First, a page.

Flypaper

I've gotten lots of feedback about my Education Gadfly column on extra-curricular activities; several friends have written gleefully to make the connection between my piece and Randi Weingarten's big speech last week, particularly its call for schools as community centers. (Checker made that connection in the Gadfly itself.)

That's all in good fun, and yes, on the surface, it might appear that we're talking about the same thing. But upon closer inspection, you'll find that our visions are actually polar opposites. First, here's Randi:

Can you imagine a federal law that promoted community schools--schools that serve the neediest children by bringing together under one roof all the services and activities they and their families need... and suppose the schools included child care and dental, medical, and counseling clinics, or other services the community needs.

And now me:

Here's a suggestion: architects designing high schools of the future should skip the classrooms but keep the gym, the auditorium, and other common spaces. In other words, forget the "school" and build a "community center" instead. Kids could learn academics at home and come to the center for all the rest.

Randi's vision...

Japan's famously demanding education system figures significantly in Natsuo Kirino's new novel Real World, reviewed in Sunday's New York Times books section:

"Real World" begins with a matricide. No longer willing to cooperate with the expectations of the "total idiot" who forced him to attend a prestigious high school even though he lacked the aptitude to succeed in such an environment, Worm bludgeoned his mother to death in what Terauchi, whose worldview allows no possibility of forgiveness or salvation, dismisses as a mindless, infantile response to frustration....

Welcome to present-day Tokyo, where "air pollution advisories" announce the arrival of summer vacation and where vacation isn't a holiday from the 11-month academic year, but a break to be spent in cram schools taught by brainwashed college students who advocate studying hard enough to "spit up blood" as the avenue to a "tremendous confidence ... you can build on for the rest of your life."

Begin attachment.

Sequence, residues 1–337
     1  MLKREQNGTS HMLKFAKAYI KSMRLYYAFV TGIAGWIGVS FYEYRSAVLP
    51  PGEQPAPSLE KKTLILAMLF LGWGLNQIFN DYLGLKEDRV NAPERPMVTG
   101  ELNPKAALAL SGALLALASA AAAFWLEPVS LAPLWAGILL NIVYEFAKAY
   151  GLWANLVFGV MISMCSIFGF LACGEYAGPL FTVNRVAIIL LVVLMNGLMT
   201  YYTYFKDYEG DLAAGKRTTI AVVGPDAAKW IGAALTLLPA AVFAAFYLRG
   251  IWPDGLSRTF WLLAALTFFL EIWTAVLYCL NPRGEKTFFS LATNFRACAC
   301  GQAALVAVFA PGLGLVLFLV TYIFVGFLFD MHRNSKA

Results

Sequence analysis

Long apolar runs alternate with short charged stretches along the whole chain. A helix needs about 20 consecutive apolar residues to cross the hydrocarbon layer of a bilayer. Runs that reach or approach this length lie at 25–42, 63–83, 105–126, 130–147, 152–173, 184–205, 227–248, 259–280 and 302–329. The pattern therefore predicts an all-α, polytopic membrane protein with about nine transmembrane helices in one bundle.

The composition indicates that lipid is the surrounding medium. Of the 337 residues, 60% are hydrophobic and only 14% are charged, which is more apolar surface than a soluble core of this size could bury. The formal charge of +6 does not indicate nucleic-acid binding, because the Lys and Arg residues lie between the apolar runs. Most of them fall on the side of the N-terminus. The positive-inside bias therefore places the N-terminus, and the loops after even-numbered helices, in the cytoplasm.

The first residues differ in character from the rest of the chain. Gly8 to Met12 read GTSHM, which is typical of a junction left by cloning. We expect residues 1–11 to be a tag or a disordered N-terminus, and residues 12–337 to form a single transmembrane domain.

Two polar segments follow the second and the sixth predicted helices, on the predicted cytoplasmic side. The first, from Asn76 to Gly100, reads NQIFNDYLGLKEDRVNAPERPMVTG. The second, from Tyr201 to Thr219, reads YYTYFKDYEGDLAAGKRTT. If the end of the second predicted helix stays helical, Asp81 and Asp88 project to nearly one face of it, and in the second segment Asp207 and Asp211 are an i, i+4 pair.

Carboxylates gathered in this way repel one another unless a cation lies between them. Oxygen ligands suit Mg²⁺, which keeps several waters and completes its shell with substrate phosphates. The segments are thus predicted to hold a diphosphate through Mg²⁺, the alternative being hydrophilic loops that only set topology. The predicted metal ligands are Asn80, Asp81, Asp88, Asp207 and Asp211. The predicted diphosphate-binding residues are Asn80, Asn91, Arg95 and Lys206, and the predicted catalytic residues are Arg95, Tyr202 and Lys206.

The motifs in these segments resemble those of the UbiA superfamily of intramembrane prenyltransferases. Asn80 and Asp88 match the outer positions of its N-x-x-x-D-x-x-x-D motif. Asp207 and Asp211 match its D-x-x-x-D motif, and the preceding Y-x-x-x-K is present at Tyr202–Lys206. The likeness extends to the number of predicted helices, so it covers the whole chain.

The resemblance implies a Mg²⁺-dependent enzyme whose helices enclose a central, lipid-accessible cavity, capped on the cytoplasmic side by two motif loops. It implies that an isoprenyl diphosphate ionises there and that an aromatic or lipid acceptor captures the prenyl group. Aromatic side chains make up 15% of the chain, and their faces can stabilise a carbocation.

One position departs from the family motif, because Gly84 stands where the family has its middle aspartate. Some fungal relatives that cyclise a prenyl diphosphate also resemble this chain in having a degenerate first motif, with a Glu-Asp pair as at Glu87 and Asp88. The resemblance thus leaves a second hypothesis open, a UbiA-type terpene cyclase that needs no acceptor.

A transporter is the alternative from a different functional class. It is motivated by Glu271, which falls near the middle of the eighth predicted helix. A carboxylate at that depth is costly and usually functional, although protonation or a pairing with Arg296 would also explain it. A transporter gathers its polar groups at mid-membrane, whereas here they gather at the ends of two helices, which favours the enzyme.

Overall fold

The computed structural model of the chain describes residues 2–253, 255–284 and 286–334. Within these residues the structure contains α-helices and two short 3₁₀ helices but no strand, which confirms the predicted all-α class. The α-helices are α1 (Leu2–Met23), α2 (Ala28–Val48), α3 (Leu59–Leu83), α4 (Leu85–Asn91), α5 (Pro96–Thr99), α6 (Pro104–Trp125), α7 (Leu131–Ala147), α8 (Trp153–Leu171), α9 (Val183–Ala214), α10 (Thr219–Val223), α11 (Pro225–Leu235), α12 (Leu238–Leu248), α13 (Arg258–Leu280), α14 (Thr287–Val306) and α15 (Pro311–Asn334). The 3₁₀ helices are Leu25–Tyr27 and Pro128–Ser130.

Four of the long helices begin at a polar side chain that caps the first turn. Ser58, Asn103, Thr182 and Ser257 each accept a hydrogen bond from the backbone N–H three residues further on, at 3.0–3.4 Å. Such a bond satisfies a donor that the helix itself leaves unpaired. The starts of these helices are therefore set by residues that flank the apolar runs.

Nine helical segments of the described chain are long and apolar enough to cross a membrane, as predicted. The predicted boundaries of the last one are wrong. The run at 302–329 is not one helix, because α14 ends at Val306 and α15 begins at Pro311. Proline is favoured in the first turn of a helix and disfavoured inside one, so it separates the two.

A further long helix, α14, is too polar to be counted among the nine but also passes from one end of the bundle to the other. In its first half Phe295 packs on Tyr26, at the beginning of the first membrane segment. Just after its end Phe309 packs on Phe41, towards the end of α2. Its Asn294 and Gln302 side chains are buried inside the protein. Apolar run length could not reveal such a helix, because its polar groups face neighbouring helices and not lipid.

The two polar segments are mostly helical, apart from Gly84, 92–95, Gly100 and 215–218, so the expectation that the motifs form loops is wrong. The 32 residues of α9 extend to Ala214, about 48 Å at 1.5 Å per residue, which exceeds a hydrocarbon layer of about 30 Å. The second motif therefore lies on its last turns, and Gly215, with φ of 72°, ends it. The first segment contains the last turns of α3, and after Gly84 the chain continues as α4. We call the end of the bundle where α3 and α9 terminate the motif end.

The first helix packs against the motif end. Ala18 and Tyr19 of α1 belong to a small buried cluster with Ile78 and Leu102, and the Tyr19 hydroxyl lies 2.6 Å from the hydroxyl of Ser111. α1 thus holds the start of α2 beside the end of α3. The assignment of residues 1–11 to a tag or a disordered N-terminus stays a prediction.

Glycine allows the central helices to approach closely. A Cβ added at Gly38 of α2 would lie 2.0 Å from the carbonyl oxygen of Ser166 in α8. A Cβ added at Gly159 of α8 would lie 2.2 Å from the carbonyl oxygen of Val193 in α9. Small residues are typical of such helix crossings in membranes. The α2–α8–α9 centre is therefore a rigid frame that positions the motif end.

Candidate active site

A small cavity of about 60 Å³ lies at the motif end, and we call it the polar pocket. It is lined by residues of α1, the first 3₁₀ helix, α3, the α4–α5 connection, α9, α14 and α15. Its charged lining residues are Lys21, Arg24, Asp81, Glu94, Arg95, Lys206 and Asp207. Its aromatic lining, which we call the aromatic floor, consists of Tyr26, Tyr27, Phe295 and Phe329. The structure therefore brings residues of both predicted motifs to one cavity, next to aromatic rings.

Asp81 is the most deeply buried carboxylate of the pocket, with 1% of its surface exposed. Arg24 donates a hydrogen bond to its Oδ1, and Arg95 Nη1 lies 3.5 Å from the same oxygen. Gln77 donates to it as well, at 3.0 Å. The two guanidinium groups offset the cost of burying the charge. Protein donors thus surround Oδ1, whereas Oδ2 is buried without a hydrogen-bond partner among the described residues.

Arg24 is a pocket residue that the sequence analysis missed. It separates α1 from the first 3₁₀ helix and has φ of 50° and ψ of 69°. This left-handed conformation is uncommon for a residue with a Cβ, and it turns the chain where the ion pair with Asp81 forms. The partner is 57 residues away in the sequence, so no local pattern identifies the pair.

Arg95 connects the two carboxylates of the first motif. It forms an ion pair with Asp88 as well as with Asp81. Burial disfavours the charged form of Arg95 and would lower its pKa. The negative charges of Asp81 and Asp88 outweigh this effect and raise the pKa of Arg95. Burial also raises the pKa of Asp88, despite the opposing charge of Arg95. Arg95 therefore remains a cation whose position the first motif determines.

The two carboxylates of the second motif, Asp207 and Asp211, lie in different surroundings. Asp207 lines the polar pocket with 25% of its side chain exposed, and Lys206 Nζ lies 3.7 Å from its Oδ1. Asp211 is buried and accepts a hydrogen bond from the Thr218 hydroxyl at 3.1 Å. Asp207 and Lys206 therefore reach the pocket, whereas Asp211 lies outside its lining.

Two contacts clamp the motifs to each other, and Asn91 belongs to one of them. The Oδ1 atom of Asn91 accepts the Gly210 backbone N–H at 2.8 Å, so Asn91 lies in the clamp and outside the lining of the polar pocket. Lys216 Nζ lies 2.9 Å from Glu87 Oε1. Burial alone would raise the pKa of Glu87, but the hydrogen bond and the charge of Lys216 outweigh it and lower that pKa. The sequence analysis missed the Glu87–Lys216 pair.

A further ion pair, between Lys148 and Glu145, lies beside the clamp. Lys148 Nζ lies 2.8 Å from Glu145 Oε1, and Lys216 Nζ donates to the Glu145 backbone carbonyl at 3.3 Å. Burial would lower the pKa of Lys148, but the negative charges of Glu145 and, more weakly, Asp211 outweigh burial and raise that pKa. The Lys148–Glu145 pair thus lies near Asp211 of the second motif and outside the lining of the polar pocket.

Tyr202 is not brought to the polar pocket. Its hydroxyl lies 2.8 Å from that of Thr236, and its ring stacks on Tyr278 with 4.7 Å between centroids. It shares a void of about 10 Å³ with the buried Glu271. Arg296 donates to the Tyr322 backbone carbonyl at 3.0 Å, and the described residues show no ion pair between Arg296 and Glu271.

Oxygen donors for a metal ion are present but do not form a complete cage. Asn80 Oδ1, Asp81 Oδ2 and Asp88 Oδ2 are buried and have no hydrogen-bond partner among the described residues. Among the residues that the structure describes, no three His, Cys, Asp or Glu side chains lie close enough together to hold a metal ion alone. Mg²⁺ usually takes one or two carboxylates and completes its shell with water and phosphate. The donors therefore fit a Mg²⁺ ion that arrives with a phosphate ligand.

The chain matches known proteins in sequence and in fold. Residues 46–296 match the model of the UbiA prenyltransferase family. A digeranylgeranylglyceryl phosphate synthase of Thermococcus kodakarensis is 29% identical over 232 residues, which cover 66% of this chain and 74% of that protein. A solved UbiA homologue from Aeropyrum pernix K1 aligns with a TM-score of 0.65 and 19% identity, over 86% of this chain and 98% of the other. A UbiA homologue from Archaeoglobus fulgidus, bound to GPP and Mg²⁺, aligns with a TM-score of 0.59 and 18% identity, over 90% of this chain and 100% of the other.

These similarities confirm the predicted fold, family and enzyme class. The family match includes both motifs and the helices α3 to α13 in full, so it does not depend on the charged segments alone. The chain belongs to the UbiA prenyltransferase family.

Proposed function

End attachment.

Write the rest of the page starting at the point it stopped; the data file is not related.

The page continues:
I'm back after a week's vacation (yes, I believe in extra-curricular activities in my own life too) and see that Flypaper has been buzzing along. But I also notice that we failed to mention Jonathan Alter's hard-hitting Newsweek column taking the teachers unions to task for blocking meaningful school reform. Atler writes:

Teaching is arguably the only profession in the country with ironclad job security and a well-honed hostility to measuring results. Because of union resistance, NCLB measures only schools, not individual teachers. The result is that school districts fire on average only one teacher a year for poor performance. Before recent reforms (which have boosted test scores), New York City dismissed only 10 of 55,000 teachers annually. What business could survive that way?

Hear hear, though teachers are right that today's tests are hardly the best instruments for measuring their performance. But we shouldn't let the perfect be the enemy of the good; if we harnessed the resources we currently spend on our fifty-state system of tests for one common system, we could afford to measure subjects beyond reading and math, online, in a way that encouraged intellectually-challenging schoolwork rather than test prep....

Liam Julian

My take on yesterday's New York Times Magazine piece on "integration" is here . (I'm not employing around integration??so-called "contemptuous quotes "; I'm merely noting that the terms "integration" and "segregation," which once were used to denote, respectively,??the de jure??combination and separation of black and white students,??are today used in reference to de facto racial separation caused by housing patterns. But the two different meanings are too often conflated, which is why we must call attention to the way in which they're used.)

One part of the Times Magazine article that I didn't have enough space to explore??is the idea that new class+race school assignments hold much promise for significantly elevating academic achievement. This contention??is, I think, a real stretch, especially when so many other curricular and instructional and management reforms (many of which do not involve complicated schemes) would do so much more to boost student learning. I suspect that not a few diversity proponents have simply realized that fluffier justifications for busing pupils hither and yon??do not, for most parents, outweigh the flaws of complicated school assignment plans. Thus...